entrepreneurship as the fastest way to achieve success.
André is the son of an entrepreneur in Portugal. As a child, he was in close contact
with the family business management and eager to follow his father’s example.
Getting into entrepreneurship was a natural step. Always attentive to new ideas and
opportunities, André’s strength lies in strategy and sales.
Hélène got the idea for RedPack at a workshop she attended at the University of Delft, lectured
by Ken Morse, an MIT professor. The purpose of the workshop was for participants to come up
with a business idea and develop it at a preliminary level. The workshop began with a brain
storming session when the participants shared real-life stories where they felt a lack of a product
or service existed in the market.
The case that attracted most attention in Hélène’s group was told by a Spanish student regarding
the lack of safety solutions on Spanish beaches. “When I want to go to the sea or take a stroll on
the beach, I have to leave all my belongings in a towel without any protection and there are a lot
of thieves around. I can’t find any solutions to this problem!” Hélène and her group members
immediately recognized the problem. As it was a widespread issue from many parts of the world,
creating a solution could lead to a promising business! The idea was simple but innovative—
installing lockers at beach bars for people to store their belongings so they can fully enjoy the
day at the beach. Thus, RedPack was born! Hélène presented the idea to a board of juries toward
the end of the workshop.
RedPack Concept 1: Install small lockers inside beach bars for people to store their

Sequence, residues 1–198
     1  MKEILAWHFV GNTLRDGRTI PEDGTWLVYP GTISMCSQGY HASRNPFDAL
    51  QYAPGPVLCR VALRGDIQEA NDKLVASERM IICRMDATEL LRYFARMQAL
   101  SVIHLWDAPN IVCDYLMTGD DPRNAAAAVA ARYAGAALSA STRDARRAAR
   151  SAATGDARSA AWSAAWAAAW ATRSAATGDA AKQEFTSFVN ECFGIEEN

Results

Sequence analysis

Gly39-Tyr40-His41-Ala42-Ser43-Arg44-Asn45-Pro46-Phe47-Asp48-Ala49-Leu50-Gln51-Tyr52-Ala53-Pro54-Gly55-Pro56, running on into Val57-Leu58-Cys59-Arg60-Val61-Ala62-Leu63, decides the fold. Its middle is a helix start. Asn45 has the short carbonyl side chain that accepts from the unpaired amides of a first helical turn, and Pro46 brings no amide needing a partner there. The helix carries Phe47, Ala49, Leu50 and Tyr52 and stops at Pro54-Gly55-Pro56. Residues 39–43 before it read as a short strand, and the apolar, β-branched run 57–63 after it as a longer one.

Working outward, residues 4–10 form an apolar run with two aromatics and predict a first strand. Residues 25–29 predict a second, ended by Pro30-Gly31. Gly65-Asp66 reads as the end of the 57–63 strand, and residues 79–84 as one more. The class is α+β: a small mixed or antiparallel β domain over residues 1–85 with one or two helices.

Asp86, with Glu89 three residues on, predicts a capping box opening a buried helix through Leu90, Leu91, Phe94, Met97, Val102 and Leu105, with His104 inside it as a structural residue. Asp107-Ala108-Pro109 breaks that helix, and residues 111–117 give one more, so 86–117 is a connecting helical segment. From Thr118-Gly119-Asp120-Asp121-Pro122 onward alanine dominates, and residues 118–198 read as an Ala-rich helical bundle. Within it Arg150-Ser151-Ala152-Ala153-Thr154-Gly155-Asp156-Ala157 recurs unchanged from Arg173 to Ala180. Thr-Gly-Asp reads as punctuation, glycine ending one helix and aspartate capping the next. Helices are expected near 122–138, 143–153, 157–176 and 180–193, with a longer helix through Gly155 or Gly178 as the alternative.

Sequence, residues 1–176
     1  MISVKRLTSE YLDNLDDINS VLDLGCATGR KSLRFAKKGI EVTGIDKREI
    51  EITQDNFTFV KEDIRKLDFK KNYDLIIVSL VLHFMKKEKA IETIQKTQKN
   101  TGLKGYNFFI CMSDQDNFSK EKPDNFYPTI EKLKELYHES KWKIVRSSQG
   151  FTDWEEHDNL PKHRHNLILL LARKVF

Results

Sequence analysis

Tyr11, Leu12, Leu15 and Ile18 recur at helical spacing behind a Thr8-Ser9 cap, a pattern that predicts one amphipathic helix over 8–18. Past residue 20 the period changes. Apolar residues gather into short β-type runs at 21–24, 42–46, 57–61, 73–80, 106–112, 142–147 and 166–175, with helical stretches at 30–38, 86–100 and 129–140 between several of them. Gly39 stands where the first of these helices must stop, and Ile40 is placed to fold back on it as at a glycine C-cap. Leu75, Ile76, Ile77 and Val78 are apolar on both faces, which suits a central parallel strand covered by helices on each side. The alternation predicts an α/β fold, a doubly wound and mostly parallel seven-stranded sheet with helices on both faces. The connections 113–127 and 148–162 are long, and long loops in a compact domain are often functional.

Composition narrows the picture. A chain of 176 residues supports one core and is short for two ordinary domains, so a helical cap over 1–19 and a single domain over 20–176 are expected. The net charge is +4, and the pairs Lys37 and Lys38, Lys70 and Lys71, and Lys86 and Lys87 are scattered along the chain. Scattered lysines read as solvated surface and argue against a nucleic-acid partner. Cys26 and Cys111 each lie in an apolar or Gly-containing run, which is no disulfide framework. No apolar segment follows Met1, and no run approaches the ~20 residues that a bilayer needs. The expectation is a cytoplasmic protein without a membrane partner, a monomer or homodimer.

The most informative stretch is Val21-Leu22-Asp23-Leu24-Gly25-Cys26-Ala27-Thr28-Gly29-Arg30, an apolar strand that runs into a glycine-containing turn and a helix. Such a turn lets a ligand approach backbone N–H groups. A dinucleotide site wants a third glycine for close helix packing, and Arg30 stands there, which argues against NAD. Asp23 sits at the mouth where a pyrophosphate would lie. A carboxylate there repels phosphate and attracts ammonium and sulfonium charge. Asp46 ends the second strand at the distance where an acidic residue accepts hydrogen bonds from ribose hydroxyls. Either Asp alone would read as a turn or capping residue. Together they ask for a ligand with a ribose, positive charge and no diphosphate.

belongings. The lockers, operated via a biometric system, will be developed and
installed by RedPack. The bar owners will pay a fixed fee to RedPack to use the
lockers, which covers the installation and maintenance of the equipment.
The RedPack lockers would be adapted to the beach environment. Ideally product development
would take place in collaboration with potential clients to customize to their needs. As a locker
filled with wallets and car keys was an attractive prey, further research needed to be done on how
to insure the lockers and the valuables inside. RedPack as a start only considered placing lockers
inside beach bars and shops, which was not subject to regulations.
In the first summer season, a pilot of about 10 locker units would be placed on the most
important blue flag beaches. The purpose was to test the business concept and gather information
for further development. If the pilot was successful, RedPack would put in more effort in sales
on the most promising European beaches during the next year.
In the pilot, RedPack aimed to rent out the lockers for €7,300 per unit to cover marketing,
operation, sales, management, manufacturing, maintenance and insurance costs as well as
expected revenues (see Figure 1,2). A manufacturer would take care of locker production on a
contractual basis, and the RedPack team would be responsible for the other activities to control
Hélène’s business plan was awarded the prize for best idea of the year. She sawgreat
opportunities and was determined to launch this businesssoon and after two years expand it
globally (see Figure 3).“We must take this opportunity and have the first lockers installed this
summer no matter what… We cannot loose the momentum,” she said.
the market. One of the courses she took at RSM, New Venture Planning, asked students – three
as a team – to write a detailed business plan for an idea of their own. Hélène took the advantage
right away to develop the idea of beach lockers.
She needed two other students to work with her – two people with an entrepreneurial spirit, the
knowledge of the target market, and the willingness to take risks. André and Davy were perfect
choices. She was friends with both and knew their personal and professional skills. André,